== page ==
The base of the tattoo is the wings from the Battlestar Galactica symbol. This represents the struggle to find a place to call home and the desire for family. The endless searching for that which is desired most, safety, love and security. It also reminds me of Mary McDonnell, the actress who plays President Laura Roslin. Mary is an eloquent and intelligent person who supports Autism Speaks and is an advocate of support and research into Autism. This to me, means so much. Both my niece and nephew have Asperger’s and I know the struggle my sister has had with them sometimes.
The second layer of the tattoo is the outline of a Star Trek communicator, showing the importance of the strive for a better future and the acceptance of all people regardless of differences. It also represents the quest into the unknown and the desire for exploration. In my case, the desire for self-exploration. When I see the communicator, no matter where I am, it sends a flood of inspiration and reminds me of a point in my life where once again things changed. An image of Kate Mulgrew as Captain Kathryn Janeway pops into my head whenever I see a communicator. At the time I was introduced to Star Trek Voyager, I was in a bad place. I was unemployed and in severe pain, the pain was so bad that I was unable to move from the flat I lived in and get out and about. My friend brought round the double episode ‘Year of Hell’ on DVD and in watching the episode and watching the way Janeway tackled all the problems she and her crew faced, I found the spark of inspiration I needed to do something about the pain and begin job hunting again. The more I watched Voyager and the more I learnt about Kate, the more inspired I became, and when I found out that she supports Alzheimer’s research (the condition amongst others listed on my grandmother’s death certificate), the icing was on the already well baked proverbial cake.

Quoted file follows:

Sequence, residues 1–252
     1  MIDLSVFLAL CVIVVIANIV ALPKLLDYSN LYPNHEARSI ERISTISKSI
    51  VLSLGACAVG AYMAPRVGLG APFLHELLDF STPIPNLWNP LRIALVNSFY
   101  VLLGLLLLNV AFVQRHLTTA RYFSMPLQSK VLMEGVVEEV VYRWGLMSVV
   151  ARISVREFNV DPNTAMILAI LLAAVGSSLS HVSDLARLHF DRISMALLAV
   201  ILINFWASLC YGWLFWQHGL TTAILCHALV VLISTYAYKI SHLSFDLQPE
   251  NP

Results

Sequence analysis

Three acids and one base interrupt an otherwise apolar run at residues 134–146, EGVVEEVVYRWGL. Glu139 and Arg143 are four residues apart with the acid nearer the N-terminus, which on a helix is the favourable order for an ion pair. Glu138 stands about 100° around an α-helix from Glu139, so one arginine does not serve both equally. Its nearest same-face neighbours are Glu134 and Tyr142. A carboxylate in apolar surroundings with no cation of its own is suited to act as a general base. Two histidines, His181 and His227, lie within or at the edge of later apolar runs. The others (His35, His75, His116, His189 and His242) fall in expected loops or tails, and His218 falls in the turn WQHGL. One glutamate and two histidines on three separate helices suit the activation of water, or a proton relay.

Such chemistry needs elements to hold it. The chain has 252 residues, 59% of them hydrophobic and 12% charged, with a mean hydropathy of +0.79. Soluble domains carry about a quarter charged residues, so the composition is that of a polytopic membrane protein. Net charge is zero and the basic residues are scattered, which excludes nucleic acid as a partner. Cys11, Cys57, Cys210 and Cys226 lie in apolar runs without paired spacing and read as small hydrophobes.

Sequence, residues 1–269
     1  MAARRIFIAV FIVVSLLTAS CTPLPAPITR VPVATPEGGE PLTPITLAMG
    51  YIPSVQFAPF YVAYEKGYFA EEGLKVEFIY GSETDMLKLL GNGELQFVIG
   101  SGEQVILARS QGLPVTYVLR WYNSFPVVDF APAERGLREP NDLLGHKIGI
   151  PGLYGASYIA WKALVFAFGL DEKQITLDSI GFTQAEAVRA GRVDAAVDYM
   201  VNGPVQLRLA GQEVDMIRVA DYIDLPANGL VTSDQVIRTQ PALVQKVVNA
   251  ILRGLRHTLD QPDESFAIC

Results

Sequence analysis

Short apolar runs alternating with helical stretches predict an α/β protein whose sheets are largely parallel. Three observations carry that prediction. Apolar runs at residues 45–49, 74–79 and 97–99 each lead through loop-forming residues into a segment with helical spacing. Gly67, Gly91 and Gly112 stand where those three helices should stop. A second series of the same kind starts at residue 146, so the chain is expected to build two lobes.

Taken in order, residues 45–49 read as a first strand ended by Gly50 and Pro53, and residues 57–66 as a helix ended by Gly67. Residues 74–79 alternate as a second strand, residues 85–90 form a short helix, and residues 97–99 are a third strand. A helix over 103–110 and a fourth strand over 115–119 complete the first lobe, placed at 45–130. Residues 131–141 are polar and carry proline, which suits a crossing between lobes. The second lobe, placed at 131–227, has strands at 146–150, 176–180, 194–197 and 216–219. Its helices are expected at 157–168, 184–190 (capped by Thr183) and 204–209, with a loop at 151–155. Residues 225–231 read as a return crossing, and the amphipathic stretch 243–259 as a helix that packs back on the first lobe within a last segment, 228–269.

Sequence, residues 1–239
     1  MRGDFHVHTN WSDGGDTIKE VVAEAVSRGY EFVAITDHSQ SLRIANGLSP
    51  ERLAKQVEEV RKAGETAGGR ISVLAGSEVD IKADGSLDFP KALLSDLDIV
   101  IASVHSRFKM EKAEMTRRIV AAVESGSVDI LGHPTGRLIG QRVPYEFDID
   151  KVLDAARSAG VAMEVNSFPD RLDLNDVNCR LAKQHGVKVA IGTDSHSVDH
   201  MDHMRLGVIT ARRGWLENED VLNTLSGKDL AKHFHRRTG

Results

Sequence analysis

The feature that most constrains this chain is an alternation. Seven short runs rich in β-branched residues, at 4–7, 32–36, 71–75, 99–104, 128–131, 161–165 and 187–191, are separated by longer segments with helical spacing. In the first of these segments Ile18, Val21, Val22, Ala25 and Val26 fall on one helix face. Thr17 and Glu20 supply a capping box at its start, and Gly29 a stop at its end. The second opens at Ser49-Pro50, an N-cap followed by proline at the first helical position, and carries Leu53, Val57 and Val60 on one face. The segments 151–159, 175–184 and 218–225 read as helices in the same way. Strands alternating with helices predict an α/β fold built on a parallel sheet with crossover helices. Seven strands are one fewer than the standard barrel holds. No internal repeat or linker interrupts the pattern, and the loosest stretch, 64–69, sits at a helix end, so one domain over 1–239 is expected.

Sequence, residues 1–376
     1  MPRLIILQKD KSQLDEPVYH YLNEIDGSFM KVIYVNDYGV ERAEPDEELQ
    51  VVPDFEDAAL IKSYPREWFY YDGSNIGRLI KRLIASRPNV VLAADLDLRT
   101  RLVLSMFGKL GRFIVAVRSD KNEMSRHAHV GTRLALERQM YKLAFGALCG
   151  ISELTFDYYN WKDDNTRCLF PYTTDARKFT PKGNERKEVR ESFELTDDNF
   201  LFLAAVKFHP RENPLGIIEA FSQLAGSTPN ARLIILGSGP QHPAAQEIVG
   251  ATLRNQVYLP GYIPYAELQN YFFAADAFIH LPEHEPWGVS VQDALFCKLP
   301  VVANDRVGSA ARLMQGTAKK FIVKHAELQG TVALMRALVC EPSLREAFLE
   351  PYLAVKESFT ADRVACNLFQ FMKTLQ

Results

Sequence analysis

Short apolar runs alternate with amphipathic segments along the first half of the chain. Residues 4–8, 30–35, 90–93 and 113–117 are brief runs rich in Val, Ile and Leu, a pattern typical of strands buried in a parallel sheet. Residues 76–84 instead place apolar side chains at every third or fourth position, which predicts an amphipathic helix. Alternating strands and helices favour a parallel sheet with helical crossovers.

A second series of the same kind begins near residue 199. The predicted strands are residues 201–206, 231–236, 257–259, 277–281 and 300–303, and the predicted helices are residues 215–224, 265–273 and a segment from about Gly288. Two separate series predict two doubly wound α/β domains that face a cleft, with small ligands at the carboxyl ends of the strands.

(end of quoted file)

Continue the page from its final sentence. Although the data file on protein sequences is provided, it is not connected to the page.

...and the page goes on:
The last symbol on the tattoo is the Earth chevron from Stargate SG-1. In SG-1 this symbolises home for the teams, and in a sense it does for me too. But for me it’s the feeling of home. My childhood was fraught with more issues than I care to explain right no, but the weekly ritual of an hour a week of SG-1, got me through my teen years, and in adulthood has provided me with a chosen family and a metaphorical home – in other words, a place where I belong. Amanda Tapping, as Samantha Carter was (and still is) my role model throughout my teenage years. She provided me with a rare gift – the knowledge that as a woman, I could be anything I wanted to , that I wasn’t limited in my choices, and she also provided an insight into a part of me that I hadn’t previously been aware of.
The simplicity of this tattoo’s lines, when inked on my skin, will hold so much more weight than being just another body modification to me. They will represent my past, present and future. These three symbols will be forever merged into one image that marks the presence of three amazing role models in my life and a path that has been more than a little rocky in places but that has made who I am.
Tattooing and other forms of body art aren’t a ‘class divider’, they mark something special for the people who have them and many of us agonise over the next one for a long time before we go ahead with it. I still have to design the tattoo that will represent my mother and her influence in my life and I keep mulling over the ideas constantly. My journey is etched in my heart and mind, but also on my skin, as constant reminders of what has and can be.